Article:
Study finds links between occupational work, smoking and asbestos

Learning that you or a loved one has been exposed to asbestos can be devastating. No matter what level of exposure a person has had, he or she could be at risk of developing an asbestos-related illness. Sadly, people will not be able to find this out for years, as illnesses like asbestosis and mesothelioma generally several years or decades to start showing symptoms.

One of the biggest concerns about asbestos exposure is that there is no level that has been identified as safe. That means that even short periods of breathing in the fibers could end up doing serious damage to a person’s health. However, recent research suggests that the people at a higher risk of asbestos-related illnesses are those who worked around asbestos for extended periods of time and smoke.

These risk factors may be quite concerning for the huge numbers of people who worked in construction, railroads, steel mills and other similar industries who also smoked. The research, conducted by two pulmonologists in Amsterdam, confirmed that the people in these categories are among those who have an increased risk of developing certain cancers.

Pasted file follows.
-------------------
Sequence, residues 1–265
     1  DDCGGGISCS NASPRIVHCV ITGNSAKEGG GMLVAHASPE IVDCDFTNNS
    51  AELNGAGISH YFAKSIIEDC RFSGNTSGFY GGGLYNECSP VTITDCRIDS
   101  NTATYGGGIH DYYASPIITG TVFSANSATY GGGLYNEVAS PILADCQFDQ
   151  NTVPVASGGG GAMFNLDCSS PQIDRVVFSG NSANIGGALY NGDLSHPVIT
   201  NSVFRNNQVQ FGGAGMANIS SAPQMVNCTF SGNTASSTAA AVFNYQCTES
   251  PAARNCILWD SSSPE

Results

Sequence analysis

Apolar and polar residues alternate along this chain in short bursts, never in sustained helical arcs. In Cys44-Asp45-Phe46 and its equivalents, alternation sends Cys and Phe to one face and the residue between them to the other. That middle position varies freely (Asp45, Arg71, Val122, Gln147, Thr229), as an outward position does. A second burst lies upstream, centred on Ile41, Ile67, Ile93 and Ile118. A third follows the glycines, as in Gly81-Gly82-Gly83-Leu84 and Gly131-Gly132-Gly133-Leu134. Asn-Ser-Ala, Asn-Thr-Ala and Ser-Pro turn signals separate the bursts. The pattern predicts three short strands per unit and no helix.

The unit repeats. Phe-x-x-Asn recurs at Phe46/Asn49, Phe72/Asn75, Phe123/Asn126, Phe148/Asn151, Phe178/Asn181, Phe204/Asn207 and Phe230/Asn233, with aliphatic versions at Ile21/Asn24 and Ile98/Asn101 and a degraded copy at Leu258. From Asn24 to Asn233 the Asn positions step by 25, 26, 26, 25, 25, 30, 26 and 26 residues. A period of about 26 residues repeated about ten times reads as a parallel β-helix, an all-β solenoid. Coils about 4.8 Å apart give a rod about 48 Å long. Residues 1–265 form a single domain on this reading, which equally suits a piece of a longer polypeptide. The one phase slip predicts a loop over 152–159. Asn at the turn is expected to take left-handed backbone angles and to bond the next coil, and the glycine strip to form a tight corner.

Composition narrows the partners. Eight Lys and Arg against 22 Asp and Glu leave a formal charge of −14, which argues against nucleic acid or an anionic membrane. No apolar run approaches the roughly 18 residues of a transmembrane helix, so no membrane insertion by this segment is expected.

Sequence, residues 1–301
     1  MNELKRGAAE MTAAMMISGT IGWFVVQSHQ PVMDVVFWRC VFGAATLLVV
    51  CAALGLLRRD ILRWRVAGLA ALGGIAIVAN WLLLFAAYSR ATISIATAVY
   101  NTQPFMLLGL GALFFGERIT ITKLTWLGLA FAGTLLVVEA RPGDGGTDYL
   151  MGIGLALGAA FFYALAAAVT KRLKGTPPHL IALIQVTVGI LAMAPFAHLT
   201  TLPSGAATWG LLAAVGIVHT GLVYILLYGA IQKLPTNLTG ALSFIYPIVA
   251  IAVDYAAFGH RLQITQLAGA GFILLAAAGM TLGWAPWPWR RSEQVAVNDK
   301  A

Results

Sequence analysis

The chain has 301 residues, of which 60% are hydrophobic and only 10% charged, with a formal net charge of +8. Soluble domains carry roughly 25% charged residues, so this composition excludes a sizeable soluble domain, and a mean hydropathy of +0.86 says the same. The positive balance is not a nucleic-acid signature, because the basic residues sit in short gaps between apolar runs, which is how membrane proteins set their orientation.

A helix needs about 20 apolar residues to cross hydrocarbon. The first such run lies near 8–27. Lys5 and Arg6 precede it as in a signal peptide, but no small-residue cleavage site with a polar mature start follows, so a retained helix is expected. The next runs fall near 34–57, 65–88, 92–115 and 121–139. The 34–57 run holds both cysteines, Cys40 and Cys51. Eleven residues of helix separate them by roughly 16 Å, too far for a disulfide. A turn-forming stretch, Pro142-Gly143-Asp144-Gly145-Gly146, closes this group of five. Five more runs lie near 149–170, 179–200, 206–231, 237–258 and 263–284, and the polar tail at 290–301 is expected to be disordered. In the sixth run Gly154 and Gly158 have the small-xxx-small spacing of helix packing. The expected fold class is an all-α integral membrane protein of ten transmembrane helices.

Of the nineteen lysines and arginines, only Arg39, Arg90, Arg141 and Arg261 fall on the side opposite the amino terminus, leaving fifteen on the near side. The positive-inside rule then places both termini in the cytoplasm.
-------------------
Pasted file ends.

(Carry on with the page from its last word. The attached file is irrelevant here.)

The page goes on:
The research also suggests that even people with lower levels of exposure to asbestos were at an elevated risk if they smoked. The doctors found that the risk of developing lung cancer, mesothelioma or laryngeal cancer is lower for people who neither smoke nor work in an environment where asbestos is present.

Despite these findings, the doctors were unable to identify any level of exposure that is considered safe. This means that a person may be more aware that they could develop an illness if they were exposed to very high levels of asbestos and smoke, but they are not the only people who can get sick, and not all of them even do get sick.

Asbestos exposure affects people differently. However, when people are diagnosed with an asbestos-related illness, it is important to remember that they all have the right to discuss their options for compensation with an attorney.

Source: Surviving Mesothelioma, “How Much Asbestos Can Cause Mesothelioma?” May 2, 2014